Thanks Shilton for hosting the post – this is something I’ve wanted to write about for a while now, if only to organise my own thoughts more coherently.
I imagine that the feeling of an absence of meaning is fairly common amongst people who are coming to/ have come to the conclusion that they can’t intellectually buy in to the whole theistic organised religion thing. Indeed, at least in my experience, the “argument from meaning” (If there is no God then there is no meaning) is often raised by theists and those who are pro-religion, in discussions and debates.
Obviously this argument is fallacious; for starters,wanting there to be meaning is not sufficient criteria for that actually being the case. Of equal importance is the fact that “meaning” is subjective, and it is arrogant and rude to reject an individual’s claim that simply wanting to be a better person/raise kids/watch large amounts of TV grants meaning to his or her life.
Having said that, it is difficult to deny the fact that theism and organised religion ostensibly make a case for what can be described as “absolute” meaning, something that is a lot harder (though I suppose not impossible) to defend from a sceptical outlook.
In my own life, this perceived lack of “absolute” meaning has not been excessively troubling. While it may be true that I find it hard to argue against complete moral relativism or pessimistic nihilism from a reasoned and philosophical position, as a standard-issue human being I am equipped with a conscience, emotions such as sympathy and empathy, and a drive for success and advancement, and it is these things that dictate my day-to-day thoughts and behaviour, not the conclusions of my navel-gazing. I imagine that this slight discord between actual philosophical beliefs and normative integration into the world constitutes a part of themodus Vivendi of the average secular-minded person.
However, despite not being particularly bothered by this issue in a deep way, I have recently been questioning the notion of “absolute” meaning, wondering whether it can exist at all. To explain what I am driving at, I will quote a joke that I heard about a year ago that made a profound impression on me. The joke was said on the TV show, the Colbert Report, by Stephen Colbert (I am not sure if the joke is his own or if he was quoting it), and it is as follows:
“OK. So a guy commits suicide. And he goes to heaven, he gets to heaven.And God greets him there, and the guy said, "I'm so surprised I'm here. First of all, I thought there was no God. Second of all, I thought if you killed yourself, you know, you were damned forever."God said, "You know, that's a complicated issue. Everybody at least thinks about ending it, you know, killing themselves at some point." And God says, "Even I've thought of it."The guy said, "Can I ask, why didn't you do it?"And God said, "What if this is all there is?"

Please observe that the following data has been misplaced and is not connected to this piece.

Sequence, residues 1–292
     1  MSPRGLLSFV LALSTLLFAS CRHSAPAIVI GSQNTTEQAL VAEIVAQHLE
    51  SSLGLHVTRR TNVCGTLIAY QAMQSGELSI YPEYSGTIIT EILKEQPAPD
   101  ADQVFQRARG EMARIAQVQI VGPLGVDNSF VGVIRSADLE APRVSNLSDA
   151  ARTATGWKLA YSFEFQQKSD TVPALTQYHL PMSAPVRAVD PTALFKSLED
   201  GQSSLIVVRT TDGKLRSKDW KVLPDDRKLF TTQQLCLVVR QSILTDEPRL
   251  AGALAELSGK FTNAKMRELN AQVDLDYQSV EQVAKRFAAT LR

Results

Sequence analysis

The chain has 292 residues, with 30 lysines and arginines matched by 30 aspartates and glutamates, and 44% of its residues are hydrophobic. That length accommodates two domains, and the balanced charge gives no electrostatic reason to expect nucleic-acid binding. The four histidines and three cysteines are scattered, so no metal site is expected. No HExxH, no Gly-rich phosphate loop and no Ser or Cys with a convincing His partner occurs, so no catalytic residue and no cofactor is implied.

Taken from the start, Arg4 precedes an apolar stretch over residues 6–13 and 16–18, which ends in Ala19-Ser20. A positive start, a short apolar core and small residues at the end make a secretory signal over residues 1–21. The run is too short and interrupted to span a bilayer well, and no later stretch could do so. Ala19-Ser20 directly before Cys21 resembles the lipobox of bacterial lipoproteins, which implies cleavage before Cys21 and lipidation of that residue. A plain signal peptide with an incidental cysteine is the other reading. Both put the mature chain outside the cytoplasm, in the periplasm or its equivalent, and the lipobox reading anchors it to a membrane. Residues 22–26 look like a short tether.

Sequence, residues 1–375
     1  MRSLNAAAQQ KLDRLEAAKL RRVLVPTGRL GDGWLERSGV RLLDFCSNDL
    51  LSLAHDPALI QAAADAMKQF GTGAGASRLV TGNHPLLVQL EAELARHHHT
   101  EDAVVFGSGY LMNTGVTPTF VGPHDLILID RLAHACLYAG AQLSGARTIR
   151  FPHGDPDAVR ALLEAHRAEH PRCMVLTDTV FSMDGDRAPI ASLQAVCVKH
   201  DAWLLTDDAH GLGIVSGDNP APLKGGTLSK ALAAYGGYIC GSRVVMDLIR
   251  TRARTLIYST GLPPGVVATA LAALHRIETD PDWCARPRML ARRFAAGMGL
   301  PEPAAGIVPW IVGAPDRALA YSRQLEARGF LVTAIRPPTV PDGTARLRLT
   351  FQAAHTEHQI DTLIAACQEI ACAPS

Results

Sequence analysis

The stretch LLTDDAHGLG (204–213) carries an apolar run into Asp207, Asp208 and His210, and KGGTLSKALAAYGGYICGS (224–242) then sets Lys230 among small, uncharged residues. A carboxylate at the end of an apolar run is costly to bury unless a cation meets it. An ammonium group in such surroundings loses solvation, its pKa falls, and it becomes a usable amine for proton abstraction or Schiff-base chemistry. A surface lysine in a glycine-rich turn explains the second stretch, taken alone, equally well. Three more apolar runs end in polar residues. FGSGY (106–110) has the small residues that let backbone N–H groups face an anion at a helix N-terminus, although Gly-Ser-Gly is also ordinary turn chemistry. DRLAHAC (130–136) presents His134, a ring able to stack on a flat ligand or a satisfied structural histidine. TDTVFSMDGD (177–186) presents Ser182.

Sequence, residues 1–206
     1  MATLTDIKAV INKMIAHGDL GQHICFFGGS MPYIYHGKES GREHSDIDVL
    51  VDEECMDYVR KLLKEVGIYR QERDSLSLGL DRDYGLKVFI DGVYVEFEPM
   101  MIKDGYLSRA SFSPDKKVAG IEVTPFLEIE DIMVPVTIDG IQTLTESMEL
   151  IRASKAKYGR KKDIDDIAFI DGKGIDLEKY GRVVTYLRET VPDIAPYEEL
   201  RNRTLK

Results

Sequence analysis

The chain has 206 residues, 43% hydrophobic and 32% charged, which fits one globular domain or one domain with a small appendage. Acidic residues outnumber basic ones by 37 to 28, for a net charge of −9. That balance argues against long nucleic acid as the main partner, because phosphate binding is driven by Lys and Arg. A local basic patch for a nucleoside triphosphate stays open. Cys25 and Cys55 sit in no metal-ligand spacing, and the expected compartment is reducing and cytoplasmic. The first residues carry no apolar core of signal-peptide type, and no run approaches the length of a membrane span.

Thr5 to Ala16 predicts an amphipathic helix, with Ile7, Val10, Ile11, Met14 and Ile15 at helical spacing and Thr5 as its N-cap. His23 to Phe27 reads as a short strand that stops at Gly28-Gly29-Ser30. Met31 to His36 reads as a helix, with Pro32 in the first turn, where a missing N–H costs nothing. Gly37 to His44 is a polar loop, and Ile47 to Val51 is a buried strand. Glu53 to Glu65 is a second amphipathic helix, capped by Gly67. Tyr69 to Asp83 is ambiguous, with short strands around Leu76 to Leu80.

At the time I found the joke funny and thought-provoking, but I have only recently pondered the point it raises more deeply. What makes meaning that ends with God and his commands “absolute”? Like an annoying kid (and I was that annoying kid), you can just keep asking “why?” – “OK. This is what God himself wants me to do..... but why? Now what? Why does God want that? What is the point of God?”. You end up with an infinite regress situation which is, to my mind, reminiscent of the debate between those theologians who state that God must exist because of the issue of first cause, and those who reply that they have just created more problems because hey – who created God? Essentially people can call meaning that ends with God “absolute” if they want, but this is a semantic issue, and they haven’t really answered anything, they’ve merely pushed the question to a level slightly further removed from our everyday plane of existence.
Now I realise that I haven’t invented the wheel here, but to my mind this whole line of thinking just somewhat validated the conclusions I have reached about life, and also made it just that much easier to live with the fact that I have to create my own meaning. Previously I had a certain amount of angst about the fact that I can no longer bask in the simplicity of “absolute” meaning. Now, under my new paradigm, I realise that “absolute” meaning is a chimera, an impossible dream that is equally unavailable to the heretic and the devout believer alike.
I would love to hear other people’s opinion on the issue of meaning in general, and also critiques of my reasoning from those more philosophically knowledgeable than myself.